British occupation of Egypt. Courtesy of Wikimedia Commons.

“This created an association between Whiteness and the upper class, especially in the modern period. This also meant that darkness was associated with working or servile classes,” she explained.

Journalist and researcher Mohamed Naeem expressed the same thought, however both he and Elbendary also point towards the fact that on the other hand, darker skin came to be associated with patriotism and hard work.

Gender is also a dimension that comes into play at this point according to Naeem’s writings. While dark skin on a man was associated with being a self-made, hard-working individual, this courtesy was not extended to women. In fact, dark-skinned Egyptian men hoping to rise in status would often marry lighter-skinned women.

This pattern of seeing Whiteness as the beauty standard to meet is one that persists in many circles today, and one that is often also the reason as to why Black communities in Egypt face discrimination in their everyday lives.

More recently, the Committee on the Elimination of Racial Discrimination has criticised Egypt for what they referred to as the “social stigmatization” of some culturally distinct ethnic groups native to Egypt such as Nubians and Bedouin, stating that they “[encounter] difficulties in the full enjoyment of their economic, social, and cultural lives.”

Both communities have been the direct victims of major events as the building of the High Dam in Aswan in the 1960s was responsible for the displacement of residents of Aswan, primarily Nubians, many of whom are unable until today to return to their homes.

Israel’s occupation of the Sinai Peninsula between 1967 and 1982 also led to the disruption of the lives of Bedouin. And in spite of many investments in tourism in the geographical location they are native to, the Bedouin population have benefitted little from the resultant profit.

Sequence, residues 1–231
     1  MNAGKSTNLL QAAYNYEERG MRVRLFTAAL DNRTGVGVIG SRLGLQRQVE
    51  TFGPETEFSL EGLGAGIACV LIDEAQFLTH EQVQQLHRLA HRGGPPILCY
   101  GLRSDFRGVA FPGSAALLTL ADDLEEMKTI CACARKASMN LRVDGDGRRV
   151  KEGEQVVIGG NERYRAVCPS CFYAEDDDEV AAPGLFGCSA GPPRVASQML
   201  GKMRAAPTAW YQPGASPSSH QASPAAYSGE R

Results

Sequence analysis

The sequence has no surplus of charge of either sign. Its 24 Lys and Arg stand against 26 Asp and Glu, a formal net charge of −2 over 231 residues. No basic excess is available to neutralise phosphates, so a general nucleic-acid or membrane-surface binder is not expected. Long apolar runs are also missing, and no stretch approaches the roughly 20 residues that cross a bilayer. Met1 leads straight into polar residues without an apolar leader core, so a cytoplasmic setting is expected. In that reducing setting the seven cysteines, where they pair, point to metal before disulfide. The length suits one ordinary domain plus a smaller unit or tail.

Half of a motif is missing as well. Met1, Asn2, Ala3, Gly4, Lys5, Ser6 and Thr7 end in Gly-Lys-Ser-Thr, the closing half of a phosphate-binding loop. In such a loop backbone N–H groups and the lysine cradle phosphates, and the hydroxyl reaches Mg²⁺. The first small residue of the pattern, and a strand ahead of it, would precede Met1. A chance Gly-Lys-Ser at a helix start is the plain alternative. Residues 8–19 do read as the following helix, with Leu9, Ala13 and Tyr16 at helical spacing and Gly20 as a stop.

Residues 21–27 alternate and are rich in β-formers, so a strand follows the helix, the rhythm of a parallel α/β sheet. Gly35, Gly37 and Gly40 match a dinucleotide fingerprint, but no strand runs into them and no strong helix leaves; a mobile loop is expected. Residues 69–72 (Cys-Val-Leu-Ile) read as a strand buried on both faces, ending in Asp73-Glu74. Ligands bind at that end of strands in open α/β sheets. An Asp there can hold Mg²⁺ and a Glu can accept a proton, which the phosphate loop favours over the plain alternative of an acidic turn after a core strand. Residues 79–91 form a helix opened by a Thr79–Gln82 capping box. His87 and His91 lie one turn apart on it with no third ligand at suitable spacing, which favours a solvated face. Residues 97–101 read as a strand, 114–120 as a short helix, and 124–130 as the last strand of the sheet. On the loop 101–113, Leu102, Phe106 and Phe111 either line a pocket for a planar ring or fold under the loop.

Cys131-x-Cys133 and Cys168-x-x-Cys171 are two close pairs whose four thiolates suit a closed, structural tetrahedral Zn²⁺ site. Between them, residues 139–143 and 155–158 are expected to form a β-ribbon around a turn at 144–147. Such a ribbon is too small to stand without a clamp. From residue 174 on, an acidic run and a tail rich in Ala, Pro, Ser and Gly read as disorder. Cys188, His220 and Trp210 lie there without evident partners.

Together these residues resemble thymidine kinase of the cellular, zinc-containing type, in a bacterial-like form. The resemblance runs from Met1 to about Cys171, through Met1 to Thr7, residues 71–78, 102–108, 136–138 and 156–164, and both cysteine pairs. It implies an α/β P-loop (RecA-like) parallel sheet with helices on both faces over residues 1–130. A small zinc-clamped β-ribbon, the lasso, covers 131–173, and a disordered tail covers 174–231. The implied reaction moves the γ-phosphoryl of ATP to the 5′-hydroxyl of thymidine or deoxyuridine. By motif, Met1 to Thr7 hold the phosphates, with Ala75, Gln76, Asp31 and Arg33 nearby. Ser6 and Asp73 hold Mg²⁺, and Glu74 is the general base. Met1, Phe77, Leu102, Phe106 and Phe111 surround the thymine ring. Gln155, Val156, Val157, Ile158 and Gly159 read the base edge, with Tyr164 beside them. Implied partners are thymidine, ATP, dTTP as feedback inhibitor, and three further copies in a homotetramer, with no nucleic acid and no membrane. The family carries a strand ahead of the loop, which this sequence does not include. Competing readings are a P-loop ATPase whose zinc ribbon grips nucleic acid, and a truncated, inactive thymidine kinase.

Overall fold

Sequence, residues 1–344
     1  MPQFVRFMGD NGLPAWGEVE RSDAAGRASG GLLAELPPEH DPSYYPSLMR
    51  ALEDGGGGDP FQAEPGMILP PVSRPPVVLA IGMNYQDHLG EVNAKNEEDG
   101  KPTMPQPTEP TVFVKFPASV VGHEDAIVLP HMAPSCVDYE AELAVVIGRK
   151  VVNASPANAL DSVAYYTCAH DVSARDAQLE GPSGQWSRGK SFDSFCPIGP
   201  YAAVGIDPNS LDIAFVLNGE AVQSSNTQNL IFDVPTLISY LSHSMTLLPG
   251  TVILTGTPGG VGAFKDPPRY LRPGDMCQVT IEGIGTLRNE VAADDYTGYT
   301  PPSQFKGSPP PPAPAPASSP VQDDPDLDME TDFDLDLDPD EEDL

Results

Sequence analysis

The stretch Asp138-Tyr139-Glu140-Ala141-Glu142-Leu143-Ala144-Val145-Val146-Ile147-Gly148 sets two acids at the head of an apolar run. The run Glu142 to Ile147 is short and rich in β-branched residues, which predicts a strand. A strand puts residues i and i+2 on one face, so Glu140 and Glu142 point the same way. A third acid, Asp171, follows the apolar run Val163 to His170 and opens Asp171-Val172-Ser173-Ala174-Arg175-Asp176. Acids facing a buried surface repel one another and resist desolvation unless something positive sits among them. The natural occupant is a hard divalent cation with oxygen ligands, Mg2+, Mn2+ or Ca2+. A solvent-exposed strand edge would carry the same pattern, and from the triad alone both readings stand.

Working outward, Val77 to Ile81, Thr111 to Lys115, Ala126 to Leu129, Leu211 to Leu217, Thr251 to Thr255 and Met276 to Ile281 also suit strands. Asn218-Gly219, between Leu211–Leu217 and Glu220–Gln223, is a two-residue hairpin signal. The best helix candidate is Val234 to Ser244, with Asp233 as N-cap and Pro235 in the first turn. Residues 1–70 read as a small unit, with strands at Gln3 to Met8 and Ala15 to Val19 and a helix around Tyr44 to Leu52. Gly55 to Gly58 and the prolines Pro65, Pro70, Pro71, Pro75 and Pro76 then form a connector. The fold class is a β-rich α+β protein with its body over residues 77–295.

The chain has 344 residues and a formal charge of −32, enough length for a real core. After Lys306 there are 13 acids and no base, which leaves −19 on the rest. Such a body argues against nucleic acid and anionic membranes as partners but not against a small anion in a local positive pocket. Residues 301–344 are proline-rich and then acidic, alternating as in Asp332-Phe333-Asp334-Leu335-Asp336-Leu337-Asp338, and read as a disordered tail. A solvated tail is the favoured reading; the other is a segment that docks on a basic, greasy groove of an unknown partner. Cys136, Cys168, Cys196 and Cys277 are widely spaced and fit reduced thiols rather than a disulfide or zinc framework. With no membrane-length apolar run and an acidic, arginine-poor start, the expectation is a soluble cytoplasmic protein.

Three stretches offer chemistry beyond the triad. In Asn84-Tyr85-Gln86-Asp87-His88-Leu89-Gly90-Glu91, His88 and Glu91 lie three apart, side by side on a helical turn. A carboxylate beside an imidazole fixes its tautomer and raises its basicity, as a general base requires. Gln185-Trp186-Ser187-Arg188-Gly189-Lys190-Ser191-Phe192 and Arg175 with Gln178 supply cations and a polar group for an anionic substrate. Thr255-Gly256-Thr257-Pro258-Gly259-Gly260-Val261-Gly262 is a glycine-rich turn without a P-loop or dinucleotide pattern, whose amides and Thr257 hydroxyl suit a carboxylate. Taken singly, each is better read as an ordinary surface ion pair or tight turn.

The issue of racism in Egypt is one that is complex, unique, and nuanced, as at times foreign White ruling classes were the ones subjugating Egyptian natives, and many current forms of racism are rooted in the hierarchy imposed by this reality.

Yet racism is certainly present in some parts of Egyptian society, a fact that is denied by some, many of whom are unaware that they may be participating or complicit in it themselves, Elbendary believes.

Awareness and education based on the lived experiences of those suffering from discrimination or stigmatization based on their ethnicity, as well as a deeper and more nuanced understanding of the roots and present manifestation of racial discrimination is the key to eliminating it.

 

Any views expressed by the writer are their own and do not reflect the views of any institution with which they are affiliated.

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Writer and Internship Coordinator at Egyptian Streets. Communications Officer at the American University in Cairo. Holds a master's degree in Global Journalism from the University of Sheffield, where she wrote a dissertation on the effect of disinformation on the profession of journalism. Passionate about music, story-telling, baking, social justice, and taking care of her plants. "If you smell something, say something." -Jon Stewart, 2015